Paul’s preferred term for expressing the content of divine revelation is mysterion (I Cor. 2:1, 7), a term that acquires increasing prominence throughout his writings career. Besides accenting the veiled and hidden character of what is revealed, this word has the advantage of uniting all the various dimensions of God’s salvific design in a comprehensive unity. By designating the object of revelation as mystery, Paul indicates that it remains permanently subject to God’s free initiative and beyond the controlling grasp of the human intellect. As mystery, it cannot be confined to determinate doctrinal formulations, though it can require them for its correct preservation (cf. 2 Thes. 2:15; 1 Cor 11:2; 15:1-8). — Mary Healy, Knowledge of the Mystery: A Study of Pauline Epistemology in The Bible and Epistemology, page 138.
Remembering Jack - Free C.S. Lewis Audio -
Great stuff here.
This is the way, beloved, in which we find our Savior, even Jesus Christ, the High Priest of all our offerings, the defender and helper of our infirmity. By Him we look up to the heights of heaven. By Him we behold, as in a glass, His immaculate and most excellent visage. By Him are the eyes of our hearts opened. By Him our foolish and darkened understanding blossoms up anew towards His marvelous light. By Him the Lord has willed that we should taste of immortal knowledge, ‘who, being the brightness of His majesty, is by so much greater than the angels, as He hath by inheritance obtained a more excellent name than they.’ —
The First Epistle of Clement to the Corinthians, Chapter 36.
Just listened to the recording of this on LibriVox. It’s a fascinating contribution from an early church father.
…he has scattered the proud in the thoughts of their hearts —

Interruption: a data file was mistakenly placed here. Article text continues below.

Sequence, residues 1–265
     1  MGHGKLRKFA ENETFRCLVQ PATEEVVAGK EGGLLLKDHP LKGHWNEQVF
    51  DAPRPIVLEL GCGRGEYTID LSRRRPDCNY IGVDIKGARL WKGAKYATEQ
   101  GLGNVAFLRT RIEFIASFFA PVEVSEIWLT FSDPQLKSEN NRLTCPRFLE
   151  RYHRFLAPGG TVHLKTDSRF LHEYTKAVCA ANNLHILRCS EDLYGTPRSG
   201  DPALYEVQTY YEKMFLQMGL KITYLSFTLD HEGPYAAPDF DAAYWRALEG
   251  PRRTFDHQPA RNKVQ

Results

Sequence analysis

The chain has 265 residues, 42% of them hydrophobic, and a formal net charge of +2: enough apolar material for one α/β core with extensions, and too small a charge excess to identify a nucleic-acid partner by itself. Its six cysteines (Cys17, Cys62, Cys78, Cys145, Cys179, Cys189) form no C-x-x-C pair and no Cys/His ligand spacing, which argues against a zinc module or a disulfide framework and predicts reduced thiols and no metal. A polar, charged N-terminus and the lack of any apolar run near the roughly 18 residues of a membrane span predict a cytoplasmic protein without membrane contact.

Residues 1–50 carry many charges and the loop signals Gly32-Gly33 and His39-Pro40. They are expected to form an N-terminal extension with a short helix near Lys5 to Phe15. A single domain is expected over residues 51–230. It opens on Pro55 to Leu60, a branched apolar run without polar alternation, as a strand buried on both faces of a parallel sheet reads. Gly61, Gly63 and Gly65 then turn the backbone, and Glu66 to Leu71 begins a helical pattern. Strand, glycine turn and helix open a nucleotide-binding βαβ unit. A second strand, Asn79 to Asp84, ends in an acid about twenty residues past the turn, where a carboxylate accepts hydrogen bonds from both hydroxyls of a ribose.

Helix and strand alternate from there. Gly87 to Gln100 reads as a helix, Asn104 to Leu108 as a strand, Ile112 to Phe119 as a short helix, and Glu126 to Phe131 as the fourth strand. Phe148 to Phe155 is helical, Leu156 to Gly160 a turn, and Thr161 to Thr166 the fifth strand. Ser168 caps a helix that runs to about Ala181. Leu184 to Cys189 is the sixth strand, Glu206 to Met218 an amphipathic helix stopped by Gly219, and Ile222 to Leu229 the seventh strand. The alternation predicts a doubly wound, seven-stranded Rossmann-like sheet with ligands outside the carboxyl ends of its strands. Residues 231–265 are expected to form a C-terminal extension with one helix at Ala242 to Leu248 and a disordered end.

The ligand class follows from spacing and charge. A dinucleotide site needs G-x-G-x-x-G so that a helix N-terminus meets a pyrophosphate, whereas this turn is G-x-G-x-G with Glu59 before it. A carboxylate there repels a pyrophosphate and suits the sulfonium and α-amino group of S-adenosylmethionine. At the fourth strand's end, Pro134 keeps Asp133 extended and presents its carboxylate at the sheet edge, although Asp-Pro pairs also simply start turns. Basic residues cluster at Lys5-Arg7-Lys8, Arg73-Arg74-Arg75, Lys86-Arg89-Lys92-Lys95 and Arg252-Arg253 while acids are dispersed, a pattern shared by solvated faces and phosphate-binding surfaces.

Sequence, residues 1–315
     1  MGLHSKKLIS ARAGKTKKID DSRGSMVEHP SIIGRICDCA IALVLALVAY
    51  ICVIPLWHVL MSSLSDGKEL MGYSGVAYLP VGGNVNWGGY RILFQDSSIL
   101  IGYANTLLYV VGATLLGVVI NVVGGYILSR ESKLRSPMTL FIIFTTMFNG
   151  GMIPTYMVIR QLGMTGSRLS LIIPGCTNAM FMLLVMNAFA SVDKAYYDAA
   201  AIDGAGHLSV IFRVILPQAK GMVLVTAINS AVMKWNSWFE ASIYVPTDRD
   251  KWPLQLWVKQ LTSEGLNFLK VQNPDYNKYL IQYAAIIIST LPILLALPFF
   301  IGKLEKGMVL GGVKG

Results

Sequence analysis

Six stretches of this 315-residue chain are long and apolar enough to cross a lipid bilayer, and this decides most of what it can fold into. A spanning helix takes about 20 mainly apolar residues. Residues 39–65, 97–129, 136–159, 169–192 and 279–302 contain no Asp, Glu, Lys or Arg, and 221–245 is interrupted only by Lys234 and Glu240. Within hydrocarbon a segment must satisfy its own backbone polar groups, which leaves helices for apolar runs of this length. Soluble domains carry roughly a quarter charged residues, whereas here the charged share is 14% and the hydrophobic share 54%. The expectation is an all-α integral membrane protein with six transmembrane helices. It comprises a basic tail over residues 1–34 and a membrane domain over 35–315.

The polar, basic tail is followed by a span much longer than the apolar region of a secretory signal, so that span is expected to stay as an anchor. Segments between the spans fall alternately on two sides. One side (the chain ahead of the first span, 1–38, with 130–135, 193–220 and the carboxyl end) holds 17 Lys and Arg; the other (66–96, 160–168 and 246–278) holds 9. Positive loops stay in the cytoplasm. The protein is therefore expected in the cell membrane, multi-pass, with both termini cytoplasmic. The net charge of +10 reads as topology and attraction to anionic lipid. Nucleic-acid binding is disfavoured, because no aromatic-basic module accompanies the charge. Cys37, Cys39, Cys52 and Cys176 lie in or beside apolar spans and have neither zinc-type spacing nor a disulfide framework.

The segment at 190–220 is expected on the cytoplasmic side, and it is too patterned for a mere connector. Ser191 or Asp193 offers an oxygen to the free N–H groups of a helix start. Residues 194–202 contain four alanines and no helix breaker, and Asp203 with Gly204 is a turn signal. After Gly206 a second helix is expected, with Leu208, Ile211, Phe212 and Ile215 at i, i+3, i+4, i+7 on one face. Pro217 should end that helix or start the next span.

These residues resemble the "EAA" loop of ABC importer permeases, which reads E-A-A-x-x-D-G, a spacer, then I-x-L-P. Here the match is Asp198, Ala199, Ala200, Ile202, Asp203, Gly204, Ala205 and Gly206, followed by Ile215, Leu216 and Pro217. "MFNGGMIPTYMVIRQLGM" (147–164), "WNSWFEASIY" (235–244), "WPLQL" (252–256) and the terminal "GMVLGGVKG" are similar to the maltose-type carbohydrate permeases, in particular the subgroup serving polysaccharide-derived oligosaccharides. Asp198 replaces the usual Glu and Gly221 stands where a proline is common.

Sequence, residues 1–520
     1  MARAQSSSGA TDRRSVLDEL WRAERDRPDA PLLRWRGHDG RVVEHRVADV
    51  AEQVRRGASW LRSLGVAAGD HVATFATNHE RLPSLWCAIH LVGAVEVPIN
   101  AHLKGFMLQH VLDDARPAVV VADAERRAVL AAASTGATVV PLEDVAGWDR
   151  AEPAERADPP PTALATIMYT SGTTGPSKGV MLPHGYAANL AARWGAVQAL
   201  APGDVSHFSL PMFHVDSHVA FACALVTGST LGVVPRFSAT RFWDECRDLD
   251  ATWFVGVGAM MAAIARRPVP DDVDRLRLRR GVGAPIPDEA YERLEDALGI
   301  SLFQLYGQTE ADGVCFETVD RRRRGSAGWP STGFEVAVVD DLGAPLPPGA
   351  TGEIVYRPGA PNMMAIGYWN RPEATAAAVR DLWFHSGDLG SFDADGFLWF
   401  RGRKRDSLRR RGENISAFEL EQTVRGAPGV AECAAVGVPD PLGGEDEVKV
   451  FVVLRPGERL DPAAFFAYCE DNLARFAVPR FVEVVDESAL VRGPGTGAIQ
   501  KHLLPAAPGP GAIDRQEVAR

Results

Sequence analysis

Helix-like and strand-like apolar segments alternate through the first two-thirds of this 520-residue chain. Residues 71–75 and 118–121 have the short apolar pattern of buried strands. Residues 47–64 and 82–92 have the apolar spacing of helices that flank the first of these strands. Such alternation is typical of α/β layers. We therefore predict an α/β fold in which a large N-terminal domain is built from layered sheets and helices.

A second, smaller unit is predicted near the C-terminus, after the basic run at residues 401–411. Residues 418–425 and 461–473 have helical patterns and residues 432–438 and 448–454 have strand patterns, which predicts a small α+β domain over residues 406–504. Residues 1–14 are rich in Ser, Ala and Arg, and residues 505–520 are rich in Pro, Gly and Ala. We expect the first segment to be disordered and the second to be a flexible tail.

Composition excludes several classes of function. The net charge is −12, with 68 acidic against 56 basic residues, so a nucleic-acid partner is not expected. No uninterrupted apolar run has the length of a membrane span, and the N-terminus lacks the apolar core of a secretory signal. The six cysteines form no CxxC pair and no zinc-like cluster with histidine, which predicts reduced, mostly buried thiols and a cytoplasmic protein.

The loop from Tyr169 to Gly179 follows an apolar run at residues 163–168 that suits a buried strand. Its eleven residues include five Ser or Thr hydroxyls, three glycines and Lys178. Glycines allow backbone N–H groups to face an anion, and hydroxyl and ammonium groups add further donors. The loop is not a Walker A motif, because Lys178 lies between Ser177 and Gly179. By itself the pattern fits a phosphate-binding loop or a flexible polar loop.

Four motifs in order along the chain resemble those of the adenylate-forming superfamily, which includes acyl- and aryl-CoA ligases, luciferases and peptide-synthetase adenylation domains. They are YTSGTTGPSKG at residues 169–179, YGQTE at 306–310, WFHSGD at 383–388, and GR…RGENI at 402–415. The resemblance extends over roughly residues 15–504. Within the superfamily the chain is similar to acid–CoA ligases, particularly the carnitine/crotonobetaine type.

Mary’s Song of Praise, Luke 1:51 (ESV).
Thoughts proceed from the heart, but pride can cause those thoughts to become scattered. Pride literally makes you scatter-brained.
[Nicholas of ] Cusa revived and transformed the analogical middle way of the Middle Ages in a manner which now, retrospectively, offers new insights into the “completely ordinary chaos” of post-modern life and the crisis of a scientific culture which has become blind to its constitutional limitations. He discovered a way to circumvent the foundationalist rationality of later eras, and developed a mystagogical approach to the infinity of God rooted in context-sensitive, spiritual, and liturgical practices. Hence, Cusa offers an alternative modernity that enables us to recover the pre-modern middle path between univocity and equivocity without losing sight of the emancipatory legacy of the modern age. — Rethinking Modernity with Nicholas of Cusa, by Johannes Hoff
If God is inherently self-sacrificial toward a redemptive end for everyone (even God’s enemies), then that is where we should expect to find God: in redemptive self-sacrifice as we participate in it. The writer of 1 John states: “Whoever does not love does not know God, for God is love” (4:8). A corresponding, more suitable translation is: “Whoever does not self-sacrifice (for redemptive purposes) does not know God, for God is self-sacrifice.” Accordingly, one’s coming to know God in discerning God’s will is not a spectator sport or an armchair pastime. Instead, it requires one’s joining in what is inherent to God’s moral character: redemptive self-sacrifice. Such knowing and discerning may be foreign to certain modern conceptions of relatively disengaged knowledge, but they fit with the expectations of the intensely redemptive God, the Father of Jesus Christ. — Paul K. Moser, Doing and Teaching Christian Philosophy: Reply to McFall, page 9, from the Christ-Shaped Philosophy Project at the Evangelical Philosophical Society.